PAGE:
You can forget about the anorexic standard of beauty outside the gates of Billetproof; once you’re in the show, Bettie Paige and Tura Satana are the models for feminine beauty.
I’m working on a gallery of patina desktop wallpapers, to go with the Junkyard Desktop Wallpaper Collection, and Billetproof provides some great material for that project.
If you’d like to see some of these images in three corroded and/or button-popping dimensions, don your 3D glasses and head over to Cars In Depth.

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13 Comments on “Rust, Tatts, and Brilliant Engine Swaps: Billetproof California 2011...”

  • avatar

    I love it, but the problem with shows like this is that eventually everything gets standardized. The rat rod movement was great until everybody had to look like 50’s greasers (with more tattoos, natch) and rich guys started spending a lot of money to look cheap.

  • avatar
    Educator(of teachers)Dan

    Hot girls, nice cars, loving it.

  • avatar

    I was watching American Chopper recently on television. While watching them build crazy bikes that are loaded with billet and chrome it struck me that the style of those bikes seems a little old fashioned to me now.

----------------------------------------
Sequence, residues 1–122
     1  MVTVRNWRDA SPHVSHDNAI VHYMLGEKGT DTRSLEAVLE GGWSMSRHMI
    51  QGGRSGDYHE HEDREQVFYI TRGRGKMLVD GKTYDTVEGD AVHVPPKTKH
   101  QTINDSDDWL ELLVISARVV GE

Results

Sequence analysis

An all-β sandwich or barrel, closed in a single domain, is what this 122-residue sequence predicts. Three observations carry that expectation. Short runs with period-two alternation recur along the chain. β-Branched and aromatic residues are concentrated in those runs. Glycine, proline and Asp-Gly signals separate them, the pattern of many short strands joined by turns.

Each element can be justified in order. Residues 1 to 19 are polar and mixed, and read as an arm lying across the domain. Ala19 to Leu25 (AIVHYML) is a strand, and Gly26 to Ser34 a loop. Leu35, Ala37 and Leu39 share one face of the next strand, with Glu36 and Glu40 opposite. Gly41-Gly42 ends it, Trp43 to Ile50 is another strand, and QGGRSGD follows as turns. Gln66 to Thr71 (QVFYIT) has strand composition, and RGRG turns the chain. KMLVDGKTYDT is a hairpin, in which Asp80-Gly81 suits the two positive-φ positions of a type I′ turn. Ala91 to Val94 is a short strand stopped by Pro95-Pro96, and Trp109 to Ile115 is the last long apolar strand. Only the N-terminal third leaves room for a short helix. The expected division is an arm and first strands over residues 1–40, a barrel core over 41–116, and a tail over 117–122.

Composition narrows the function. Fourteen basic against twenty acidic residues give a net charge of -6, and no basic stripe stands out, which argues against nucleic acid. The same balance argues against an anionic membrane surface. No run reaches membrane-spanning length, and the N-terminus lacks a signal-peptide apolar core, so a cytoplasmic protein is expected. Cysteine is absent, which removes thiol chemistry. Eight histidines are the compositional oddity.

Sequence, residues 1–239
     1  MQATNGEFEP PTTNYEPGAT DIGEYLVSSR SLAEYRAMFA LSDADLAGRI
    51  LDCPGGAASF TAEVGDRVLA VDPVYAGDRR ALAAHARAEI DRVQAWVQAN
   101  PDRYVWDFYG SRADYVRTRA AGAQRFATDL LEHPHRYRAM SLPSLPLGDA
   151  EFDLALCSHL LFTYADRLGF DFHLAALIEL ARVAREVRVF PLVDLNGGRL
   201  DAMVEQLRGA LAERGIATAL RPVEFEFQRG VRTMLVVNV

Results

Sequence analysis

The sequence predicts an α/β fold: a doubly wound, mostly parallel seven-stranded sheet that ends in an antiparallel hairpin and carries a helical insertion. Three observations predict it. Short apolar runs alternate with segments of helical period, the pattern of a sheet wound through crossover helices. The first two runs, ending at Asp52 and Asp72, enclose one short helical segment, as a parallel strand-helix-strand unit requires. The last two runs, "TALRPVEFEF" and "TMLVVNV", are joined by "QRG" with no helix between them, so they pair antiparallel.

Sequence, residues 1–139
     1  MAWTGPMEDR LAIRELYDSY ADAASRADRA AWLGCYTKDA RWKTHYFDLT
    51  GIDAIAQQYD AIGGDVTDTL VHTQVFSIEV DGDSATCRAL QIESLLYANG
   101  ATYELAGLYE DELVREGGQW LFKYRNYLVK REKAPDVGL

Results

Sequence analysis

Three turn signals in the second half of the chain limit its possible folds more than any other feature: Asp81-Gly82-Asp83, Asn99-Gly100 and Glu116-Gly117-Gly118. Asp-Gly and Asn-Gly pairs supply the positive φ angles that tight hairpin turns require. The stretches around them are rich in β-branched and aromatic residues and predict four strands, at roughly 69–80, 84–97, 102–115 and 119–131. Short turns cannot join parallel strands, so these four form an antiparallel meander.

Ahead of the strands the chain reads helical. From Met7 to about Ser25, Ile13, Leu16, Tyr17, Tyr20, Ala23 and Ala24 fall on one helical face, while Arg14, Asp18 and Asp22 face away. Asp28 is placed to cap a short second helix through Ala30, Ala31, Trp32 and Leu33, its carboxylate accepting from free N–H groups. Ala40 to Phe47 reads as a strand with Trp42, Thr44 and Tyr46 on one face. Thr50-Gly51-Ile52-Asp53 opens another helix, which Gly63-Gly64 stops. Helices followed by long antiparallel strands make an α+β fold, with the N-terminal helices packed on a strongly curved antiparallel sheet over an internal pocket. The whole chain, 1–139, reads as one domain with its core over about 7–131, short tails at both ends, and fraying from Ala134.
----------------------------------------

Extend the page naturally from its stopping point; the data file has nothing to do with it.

It seems that most of the modern hot rods and custom cars that I have been seeing lately look more like the cars above. I have seen many that are sort of distressed. The bodies are painted to make them look like the paint is faded. Under the hood, everything is modern but looks like it is old. See this one from Adam Carolla’s Carcast:

    This is a pretty radical change for custom cars (and bikes) but I must say, that I kind of like it.

    Anyone have any thoughts about why this style seems to be taking over? Is it the rat rod influence or is it the economy? It seems like bad economic times might make it less fashionable to be ostentatious.

    • 0 avatar
      Educator(of teachers)Dan